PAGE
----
Internent Pedegogy Course Capsule Summaries

Website or App: website and App
Cost: Free with paid premium content
Geared Towards: Teachers and students
Grade Level: Any
Subject Area Focus: Any
SAMR Model Level: Augmentation: CANVA acts as a substitute for programs that allowed you to design posters, pamphlets etc.
Easy poster Creation
Beautiful graphics and design content
Easy to use and intuitive
If you play around with a design too much you lose the design feel
Website or App: both
Cost: Free with paid premium features
Grade Level: Elementary
Subject Area Focus: Math
SAMR Model Level: Augmentation – acts as a substitute for traditional analog math games.
Easy to use
Highly motivating for kids
Each student gets their own login
You can pick what your students work on
You can track what your students are working on and what they are struggling with
Name: Xtramath
Website or App: both
Cost: Free
Grade Level: Elementary
Subject Area Focus: Math fact practice
SAMR Model Level: Substitution – acts a substitute for math flash cards
Easy to use
You pick what you want your kids to work on
They only move onto the next level of math facts once they’ve mastered the step their on
Baseline assessment to see where to start students
Customization by parents students
Rote learning of math facts
Rote learning of math facts
Website or App: Website and App
Cost: Free
Grade Level: All
Subject Area Focus: Any – enables you to make interactive images
SAMR Model Level: Redefinition – allows for the creation of interactive images that weren’t possible before.
Easy to use, share and embed.
Allows you to add: video, speech, text and links to images.
Name: Fresh Grade
Website or App: both
Cost: Free
Grade Level: Teachers, parents and elementary
Subject Area Focus: Portfolio creation and assessment
SAMR Model Level: Augmentation – acts as a modification on the portfolio creation process.
You can create an account for each student in your class
Easy for students to login
Students can add content to their own portfolios
Portfolios can be shared with parents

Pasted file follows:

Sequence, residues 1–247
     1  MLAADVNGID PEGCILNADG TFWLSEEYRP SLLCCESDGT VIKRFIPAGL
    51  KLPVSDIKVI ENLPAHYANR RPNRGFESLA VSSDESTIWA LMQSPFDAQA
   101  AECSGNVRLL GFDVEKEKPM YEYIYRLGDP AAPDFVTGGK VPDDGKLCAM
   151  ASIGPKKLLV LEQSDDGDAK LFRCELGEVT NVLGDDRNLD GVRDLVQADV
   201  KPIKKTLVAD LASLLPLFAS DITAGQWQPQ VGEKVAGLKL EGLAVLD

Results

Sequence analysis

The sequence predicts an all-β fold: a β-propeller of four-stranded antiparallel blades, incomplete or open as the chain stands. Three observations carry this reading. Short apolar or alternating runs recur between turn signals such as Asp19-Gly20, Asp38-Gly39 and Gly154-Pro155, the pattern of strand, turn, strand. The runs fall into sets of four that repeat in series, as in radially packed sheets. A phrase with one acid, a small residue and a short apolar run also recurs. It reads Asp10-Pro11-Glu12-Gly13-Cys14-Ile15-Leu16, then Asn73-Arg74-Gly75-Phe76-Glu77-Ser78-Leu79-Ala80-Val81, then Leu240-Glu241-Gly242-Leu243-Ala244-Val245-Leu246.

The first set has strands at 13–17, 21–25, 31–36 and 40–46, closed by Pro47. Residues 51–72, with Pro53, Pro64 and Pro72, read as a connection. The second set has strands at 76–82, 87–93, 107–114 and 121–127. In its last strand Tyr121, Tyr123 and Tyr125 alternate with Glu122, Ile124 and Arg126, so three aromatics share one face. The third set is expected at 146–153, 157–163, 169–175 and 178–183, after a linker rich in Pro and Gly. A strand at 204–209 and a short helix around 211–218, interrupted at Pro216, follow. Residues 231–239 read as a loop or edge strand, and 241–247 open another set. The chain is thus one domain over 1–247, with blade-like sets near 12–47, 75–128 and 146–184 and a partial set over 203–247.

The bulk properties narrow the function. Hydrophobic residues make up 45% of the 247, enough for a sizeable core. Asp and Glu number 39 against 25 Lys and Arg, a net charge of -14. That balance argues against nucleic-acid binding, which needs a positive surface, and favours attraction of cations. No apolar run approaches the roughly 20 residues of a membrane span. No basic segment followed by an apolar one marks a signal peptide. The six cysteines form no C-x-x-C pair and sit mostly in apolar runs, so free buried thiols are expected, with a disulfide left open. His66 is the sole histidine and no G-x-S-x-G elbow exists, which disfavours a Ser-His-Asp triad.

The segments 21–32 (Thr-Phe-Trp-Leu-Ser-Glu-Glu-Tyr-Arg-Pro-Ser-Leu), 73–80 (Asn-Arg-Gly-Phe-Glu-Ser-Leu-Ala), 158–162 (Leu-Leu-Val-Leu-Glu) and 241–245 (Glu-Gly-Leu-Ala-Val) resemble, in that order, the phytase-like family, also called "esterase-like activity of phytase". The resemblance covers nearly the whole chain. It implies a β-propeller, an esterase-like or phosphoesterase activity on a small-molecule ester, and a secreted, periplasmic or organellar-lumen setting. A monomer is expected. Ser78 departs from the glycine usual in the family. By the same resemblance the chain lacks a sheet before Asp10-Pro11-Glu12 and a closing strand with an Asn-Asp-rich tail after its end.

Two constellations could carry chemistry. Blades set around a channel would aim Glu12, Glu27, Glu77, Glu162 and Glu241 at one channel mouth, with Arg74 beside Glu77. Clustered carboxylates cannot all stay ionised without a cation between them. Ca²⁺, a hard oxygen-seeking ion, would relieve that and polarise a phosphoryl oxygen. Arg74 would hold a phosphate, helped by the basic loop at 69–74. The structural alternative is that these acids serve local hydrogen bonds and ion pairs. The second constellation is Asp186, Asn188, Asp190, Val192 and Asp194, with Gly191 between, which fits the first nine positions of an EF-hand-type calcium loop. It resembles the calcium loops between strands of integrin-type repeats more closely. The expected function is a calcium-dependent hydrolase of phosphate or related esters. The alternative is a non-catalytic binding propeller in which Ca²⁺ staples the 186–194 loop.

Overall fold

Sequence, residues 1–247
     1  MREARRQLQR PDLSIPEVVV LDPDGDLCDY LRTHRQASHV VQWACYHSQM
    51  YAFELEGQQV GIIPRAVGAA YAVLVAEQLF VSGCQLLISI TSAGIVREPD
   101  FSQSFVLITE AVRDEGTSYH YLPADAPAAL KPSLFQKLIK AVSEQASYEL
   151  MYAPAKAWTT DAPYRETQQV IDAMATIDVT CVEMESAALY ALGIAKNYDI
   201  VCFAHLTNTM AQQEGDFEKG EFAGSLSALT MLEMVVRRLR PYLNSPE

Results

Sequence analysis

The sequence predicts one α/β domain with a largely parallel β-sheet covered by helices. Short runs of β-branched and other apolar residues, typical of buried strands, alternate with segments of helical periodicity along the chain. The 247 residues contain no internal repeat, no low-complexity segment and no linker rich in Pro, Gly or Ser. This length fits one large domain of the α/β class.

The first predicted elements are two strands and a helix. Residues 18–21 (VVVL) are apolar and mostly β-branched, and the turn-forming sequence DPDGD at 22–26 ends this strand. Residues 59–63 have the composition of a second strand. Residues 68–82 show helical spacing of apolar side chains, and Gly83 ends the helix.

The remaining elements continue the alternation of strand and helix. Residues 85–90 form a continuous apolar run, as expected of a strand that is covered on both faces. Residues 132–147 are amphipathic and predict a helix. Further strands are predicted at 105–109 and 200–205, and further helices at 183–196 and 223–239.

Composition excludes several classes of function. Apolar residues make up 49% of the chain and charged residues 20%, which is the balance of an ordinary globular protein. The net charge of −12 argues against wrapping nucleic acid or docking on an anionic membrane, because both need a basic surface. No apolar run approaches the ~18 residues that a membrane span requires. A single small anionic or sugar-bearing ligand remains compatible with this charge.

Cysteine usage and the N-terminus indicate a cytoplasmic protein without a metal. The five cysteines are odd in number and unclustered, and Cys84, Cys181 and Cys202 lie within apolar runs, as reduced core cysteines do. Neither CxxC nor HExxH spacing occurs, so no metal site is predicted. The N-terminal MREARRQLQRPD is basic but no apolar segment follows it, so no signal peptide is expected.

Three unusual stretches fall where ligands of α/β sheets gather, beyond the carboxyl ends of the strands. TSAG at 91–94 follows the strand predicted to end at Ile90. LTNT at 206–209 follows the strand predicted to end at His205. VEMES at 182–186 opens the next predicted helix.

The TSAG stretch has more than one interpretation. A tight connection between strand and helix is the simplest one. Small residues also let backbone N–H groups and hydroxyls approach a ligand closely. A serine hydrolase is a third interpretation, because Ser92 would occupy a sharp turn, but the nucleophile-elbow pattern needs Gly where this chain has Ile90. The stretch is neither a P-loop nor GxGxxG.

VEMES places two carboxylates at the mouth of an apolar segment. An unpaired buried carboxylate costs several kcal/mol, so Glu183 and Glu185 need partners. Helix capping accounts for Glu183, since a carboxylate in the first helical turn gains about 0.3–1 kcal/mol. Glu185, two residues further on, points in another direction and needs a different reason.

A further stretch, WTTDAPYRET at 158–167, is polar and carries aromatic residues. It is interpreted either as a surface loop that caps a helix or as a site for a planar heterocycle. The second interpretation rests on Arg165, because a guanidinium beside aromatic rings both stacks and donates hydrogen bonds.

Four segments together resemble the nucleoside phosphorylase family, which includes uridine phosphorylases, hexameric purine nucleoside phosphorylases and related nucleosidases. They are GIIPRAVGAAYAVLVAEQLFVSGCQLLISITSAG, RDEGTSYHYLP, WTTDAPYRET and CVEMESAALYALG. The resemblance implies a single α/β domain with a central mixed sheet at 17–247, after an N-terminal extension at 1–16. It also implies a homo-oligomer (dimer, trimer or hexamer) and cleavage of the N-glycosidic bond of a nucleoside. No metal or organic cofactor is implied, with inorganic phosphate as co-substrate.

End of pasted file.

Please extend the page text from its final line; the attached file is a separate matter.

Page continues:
Name: Exploratorium Light and Sound Undiscovered Apps
Website or App: App
Cost: Free
Grade Level: Elementary and middle school
Subject Area Focus: Science
SAMR Model Level: Augmentation – acts as an interactive encyclopedia
Interactive E-books
Great content
Easy to navigate
Only 2 ebooks currently available in the series
Website or App: App
Cost: Free
Grade Level: Elementary and middle school
Subject Area Focus: Science – animal conservation
SAMR Model Level: Augmentation – acts as an interactive encyclopedia
Beautiful interactive images that provide information about a number of endangered species around the world
Doesn’t air play onto other devices – hard to show a class 
Name: You are stardust by Elin Kelsey and Artwork by Soyeon Kim
Website or App: App
Cost: $5.99
Grade Level: Elementary
Subject Area Focus: Science and Astronomy
SAMR Model Level: Augmentation – acts as an interactive ebook
Beautiful interactive app that explains to students the connections between people, the earth and space. I like it as a way of sparking students curiosity about the world around them.
Website or App: Website
Cost: Free
Geared towards: teachers, schools and school divisions
SAMR Model Level: Modification.
So many ways to use Google Apps for Education!
A few:
Assignment turn in
Online document collaboration and sharing
Access for users anywhere
Website or App: Website and
Cost: Cost to schools but you can access it for free through public libraries
Grade Level: Elementary, middle and high school
Subject Area Focus: both fiction and non-fiction books
SAMR Model Level: Augmentation – acts as an interactive library.
Large collection of ebooks, read-a-longs, videos, graphic novels, audiobooks. Both fiction and non-fiction.
Students love listening and watching a book from the tumblebook collection.
Once you have access, easy to access.
Costs can be prohibitive if you don’t have access through a local library or school division

Gamification in Education

Alright, it’s been a while, a long while since I posted anything on my blog! Here’s a quick post on gamification in education. Looking forward to writing more soon!Blog GraphicHere’s a great Ted talk: Jane McGonical: Gaming can make a better world

It’s Their Education. Not Mine.


 Zippo photo credit: liber via photopin cc

As the months have ticked by and my students have slowly grown into the big shoes that Grade 4 holds I have noticed something interesting happening in my classroom. My students absolutely love teaching each other. Now I know this is nothing new but we are currently experiencing a major shift in my room.